A design method is simply a series of steps that you can refer to, so you do not have to re-invent the wheel every time you try to solve a similar design problem.
The design methods are fantastic.
They help to define a basic way to do something.
They help to create a shared vocabulary between a team or an organization.
They help to make design accessible to more people (hi, Design Thinking), which also means that other sectors will begin to understand the value that design can bring to the equation.
They also help make our profession more standardized, more organized, more quantifiable and, consequently, it seems more serious than traditional knowledge you like to think (wait, design is just art, right?).
In the last two decades, companies like IDEO, frog, IBM, Cooper have done a great job in standardizing and disseminating some design methods, and eventually turned them into a deck of cards.
The method cards can be great. They can help designers not get stuck when they try to solve a particular problem. They can also be a powerful tool for evangelizing non-designers about how methodical and scientific design can be – which is particularly interesting when it comes to influencing business people who make decisions about how much to invest in Design.
On the other hand, many companies patent design methods as a way to charge higher for their services. Selling books Position yourself as a leader or innovator in certain practices. Or just because they can load a lot of money to teach you how to use their tools as designers.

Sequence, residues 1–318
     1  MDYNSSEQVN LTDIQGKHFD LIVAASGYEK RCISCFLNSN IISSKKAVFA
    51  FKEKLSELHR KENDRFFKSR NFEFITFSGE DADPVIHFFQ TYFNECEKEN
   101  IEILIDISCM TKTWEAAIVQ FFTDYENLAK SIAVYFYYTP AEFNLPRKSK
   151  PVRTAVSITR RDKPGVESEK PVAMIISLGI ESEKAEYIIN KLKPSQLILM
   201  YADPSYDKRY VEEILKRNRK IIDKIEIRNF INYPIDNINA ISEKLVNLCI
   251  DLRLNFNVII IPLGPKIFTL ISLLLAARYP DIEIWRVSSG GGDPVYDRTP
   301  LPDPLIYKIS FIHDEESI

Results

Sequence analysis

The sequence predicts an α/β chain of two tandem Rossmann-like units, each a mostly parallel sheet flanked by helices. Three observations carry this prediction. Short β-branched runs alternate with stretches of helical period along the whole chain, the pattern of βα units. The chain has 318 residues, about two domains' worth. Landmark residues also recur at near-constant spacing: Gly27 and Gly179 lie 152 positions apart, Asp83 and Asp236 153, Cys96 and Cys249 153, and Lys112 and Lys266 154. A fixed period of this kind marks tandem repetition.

This is not necessarily relative. It's part of the business.
What is worrying is when designers go beyond the line and start obsessing design methods; when they rely on design methods for everything, and begin to believe that there is no other way to solve design problems than the one specified in one of these method cards.
Here are some tips to make sure you do not pass this line:
Do not assume that every designer knows all the design methods.
"Wait, do not you know what a double diamond is?" "Wait, have you ever run a Design Sprint ?! OH MY GOD."
This is absolutely arrogant. You think you seem smart, because you're showing how much you are "aware" of all these different methodologies, but in reality you lack the mark on a fundamental principle of being a designer: put yourself in another men's shoes, be empathetic and create accessibility in everything you do.